The New Year
Heather blows her nose and rubs her very red eyes.
“I feel as though all I’ve been doing since the New Year is crying,” she says. “I was sure Rob was it. I even thought he might propose on New Year’s Eve. Instead I just sat there waiting for him. Eventually I got panicked and started calling hospitals. He was always punctual. I don’t know why he couldn’t just call and tell me!”
“There you sound angry,” I say.
“I guess. But I can’t hold on to the anger. Mostly I just feel sad. And I think really stupid things like ‘it’s such a waste’ or ‘he was pretty good in bed.’ I know that’s ridiculous, he is who he is and that’s that.” Pause. “Except that I love him,” she exclaims, crying. “And I thought he loved me. When he finally got the nerve to call on New Year’s Day, he gave me that old line, he loves me but isn’t in love with me. Thought he could make it work until he met Brad and they just clicked. I had the sense they practically fell into bed two minutes after they met. And there I had one of those awful thoughts again. I was going to say, isn’t that what gay men do? I don’t want to be thinking that. That’s not who I am. I’m the most tolerant, liberal person around.”
“Perhaps that’s your anger speaking.”
“Maybe.” Pause. “This isn’t the first time,” she says softly.
“Isn’t the first time …?”
“I was involved with another man who realized he was gay. We weren’t quite as serious as Rob and I, but we’d been going together for a while.” Pause. “I’m not sure why I never told you. It was a pretty big deal to me, especially at the time. And now it’s happened again.”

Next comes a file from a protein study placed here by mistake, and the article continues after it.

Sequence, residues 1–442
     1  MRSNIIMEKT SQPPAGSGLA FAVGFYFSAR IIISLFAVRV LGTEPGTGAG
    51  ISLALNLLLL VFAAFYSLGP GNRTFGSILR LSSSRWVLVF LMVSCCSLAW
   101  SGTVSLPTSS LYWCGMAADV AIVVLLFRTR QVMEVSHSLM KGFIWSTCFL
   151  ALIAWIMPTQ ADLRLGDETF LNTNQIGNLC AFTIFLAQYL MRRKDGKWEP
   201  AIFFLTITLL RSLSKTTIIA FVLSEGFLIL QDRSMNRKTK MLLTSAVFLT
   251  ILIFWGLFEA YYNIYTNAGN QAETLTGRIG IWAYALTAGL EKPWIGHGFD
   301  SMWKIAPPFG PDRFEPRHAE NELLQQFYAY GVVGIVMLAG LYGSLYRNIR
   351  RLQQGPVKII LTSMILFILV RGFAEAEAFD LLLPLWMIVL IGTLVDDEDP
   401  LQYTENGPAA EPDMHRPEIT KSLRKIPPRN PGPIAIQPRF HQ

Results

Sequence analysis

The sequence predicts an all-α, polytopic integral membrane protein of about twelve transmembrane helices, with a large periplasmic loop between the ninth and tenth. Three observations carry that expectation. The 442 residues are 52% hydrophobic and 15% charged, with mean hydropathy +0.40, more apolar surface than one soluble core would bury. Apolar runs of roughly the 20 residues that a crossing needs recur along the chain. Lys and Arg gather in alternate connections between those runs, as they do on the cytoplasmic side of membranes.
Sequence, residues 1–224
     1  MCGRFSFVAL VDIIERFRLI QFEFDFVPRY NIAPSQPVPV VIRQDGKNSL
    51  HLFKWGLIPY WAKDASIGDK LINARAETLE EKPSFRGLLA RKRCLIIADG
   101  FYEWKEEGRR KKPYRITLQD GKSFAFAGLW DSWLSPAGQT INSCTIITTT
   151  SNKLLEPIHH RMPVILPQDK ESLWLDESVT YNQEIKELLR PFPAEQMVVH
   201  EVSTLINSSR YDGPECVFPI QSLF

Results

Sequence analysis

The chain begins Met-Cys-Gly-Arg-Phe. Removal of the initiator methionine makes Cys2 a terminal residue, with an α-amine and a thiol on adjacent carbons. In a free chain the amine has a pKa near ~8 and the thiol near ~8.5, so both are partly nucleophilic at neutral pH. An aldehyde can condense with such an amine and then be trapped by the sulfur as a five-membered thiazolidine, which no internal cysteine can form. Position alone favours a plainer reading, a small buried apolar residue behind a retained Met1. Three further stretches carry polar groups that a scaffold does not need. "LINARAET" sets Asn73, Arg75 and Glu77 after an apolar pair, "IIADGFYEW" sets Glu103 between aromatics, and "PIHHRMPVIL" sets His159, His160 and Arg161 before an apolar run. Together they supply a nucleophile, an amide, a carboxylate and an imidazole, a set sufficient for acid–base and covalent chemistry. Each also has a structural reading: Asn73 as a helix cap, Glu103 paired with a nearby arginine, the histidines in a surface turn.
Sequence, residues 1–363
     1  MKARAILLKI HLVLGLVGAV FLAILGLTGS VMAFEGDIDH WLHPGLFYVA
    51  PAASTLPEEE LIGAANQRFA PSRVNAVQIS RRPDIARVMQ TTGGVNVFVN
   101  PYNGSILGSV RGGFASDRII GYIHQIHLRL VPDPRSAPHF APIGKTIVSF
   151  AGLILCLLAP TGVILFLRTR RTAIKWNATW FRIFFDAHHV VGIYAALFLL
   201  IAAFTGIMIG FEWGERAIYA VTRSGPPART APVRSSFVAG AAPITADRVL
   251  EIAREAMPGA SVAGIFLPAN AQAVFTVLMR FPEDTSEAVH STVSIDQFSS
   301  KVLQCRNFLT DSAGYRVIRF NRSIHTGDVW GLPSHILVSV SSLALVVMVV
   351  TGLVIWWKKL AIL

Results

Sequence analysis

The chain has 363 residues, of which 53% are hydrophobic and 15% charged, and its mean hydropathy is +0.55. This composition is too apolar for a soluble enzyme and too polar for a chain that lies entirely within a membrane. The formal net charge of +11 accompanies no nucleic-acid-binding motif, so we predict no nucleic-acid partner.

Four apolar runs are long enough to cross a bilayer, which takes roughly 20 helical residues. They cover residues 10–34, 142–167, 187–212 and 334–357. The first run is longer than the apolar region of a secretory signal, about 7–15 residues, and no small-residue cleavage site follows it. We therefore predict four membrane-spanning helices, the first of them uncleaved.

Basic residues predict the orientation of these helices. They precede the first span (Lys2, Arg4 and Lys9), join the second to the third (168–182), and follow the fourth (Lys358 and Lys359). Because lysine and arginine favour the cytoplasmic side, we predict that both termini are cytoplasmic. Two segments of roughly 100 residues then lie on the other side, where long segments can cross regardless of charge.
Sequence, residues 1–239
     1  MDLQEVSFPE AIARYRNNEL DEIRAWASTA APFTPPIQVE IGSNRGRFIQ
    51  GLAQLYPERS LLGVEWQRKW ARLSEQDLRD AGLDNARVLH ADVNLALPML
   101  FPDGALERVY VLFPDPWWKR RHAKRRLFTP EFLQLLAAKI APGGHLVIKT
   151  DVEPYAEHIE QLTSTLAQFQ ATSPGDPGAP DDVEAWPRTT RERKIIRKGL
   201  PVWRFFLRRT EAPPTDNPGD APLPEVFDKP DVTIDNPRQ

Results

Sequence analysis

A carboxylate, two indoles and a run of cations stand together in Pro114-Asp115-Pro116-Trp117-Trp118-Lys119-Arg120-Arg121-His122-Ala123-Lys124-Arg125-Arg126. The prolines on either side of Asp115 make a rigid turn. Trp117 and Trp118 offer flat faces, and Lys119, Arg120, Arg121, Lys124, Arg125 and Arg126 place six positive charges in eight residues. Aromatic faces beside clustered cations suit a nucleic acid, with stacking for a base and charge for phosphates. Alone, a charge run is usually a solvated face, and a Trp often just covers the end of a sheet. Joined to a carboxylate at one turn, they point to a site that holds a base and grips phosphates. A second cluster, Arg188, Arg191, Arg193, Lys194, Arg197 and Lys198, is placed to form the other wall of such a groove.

“What are your thoughts about not telling me about the first man?”
“I’ve thought about it. I think I was ashamed. Ashamed that I wasn’t enough of a woman to hold onto a man. Or maybe ashamed of being a woman, that being a woman in and of itself isn’t enough.” Pause. “I think my mother thought that. I wasn’t enough and she wasn’t enough.”
“Enough for what?”
She shrugs. “Enough to be successful in the world, enough to be smart and educated and intellectual like my father. Enough to hold my father’s interest. He was never interested in her. He’d rather sit around with his fellow professors and have philosophical discussions. You know, I’ve told you, as a family we kind of weren’t. We all went our own way. My father paid attention to me when he wanted to impart some tidbit of knowledge, otherwise I was just kind of there. As for my Mom, we never talked, not even when we went on vacation. Just the two of us. My father never came.”
Heather continues. “You know. I wonder if there’s a connection between my not feeling like enough and choosing – unconsciously choosing – gay men. Almost like – this is ridiculous too – they’re less of a man and I’m less of a woman, so maybe I’d be able to hold onto them.”
“What was it like for you sexually, Heather? Did you feel like less of a woman in bed? Did you feel they were lesser men?”
“They weren’t lesser men. Rob was a very attentive lover, always wanting to please me. In fact, he embarrassed me. He wanted me to tell him what it felt like, what I felt when he’d do one thing or another. I didn’t like all that focus on my body. It embarrassed me, made me self-conscious. He’d always satisfy me, always. That made me uncomfortable too because he didn’t always … umm … ejaculate.”
“And the other man?”
“Now I’m really embarrassed.” Pause. “That was different. That was a lot rougher. Sometimes he’d tie my hands and like take me really hard and fast. It was a turn-on. For both of us. When he told me he was gay I asked him about our sex, about how exciting it seemed for both of us. He said it made him realize how much he wanted done to him what he did to me. That made me feel less than. I couldn’t do what he wanted, not only because I didn’t have a penis, but because I just couldn’t. I couldn’t be that aggressive.”
Heather pauses and then continues. “So what am I saying, that I’m not enough of a woman because I’m not a man? Wow! That’s wild. That’s messed up.”
“You’ve described your father as the source of power in the family, the person both you and your mother hoped to ‘interest,’ so it’s not surprising that only maleness feels like enough. How that relates to your choosing gay men isn’t clear – at least to me – and something we’ll have to continue talking about.”
“Definitely. I’m not interested in repeating this for a third time.”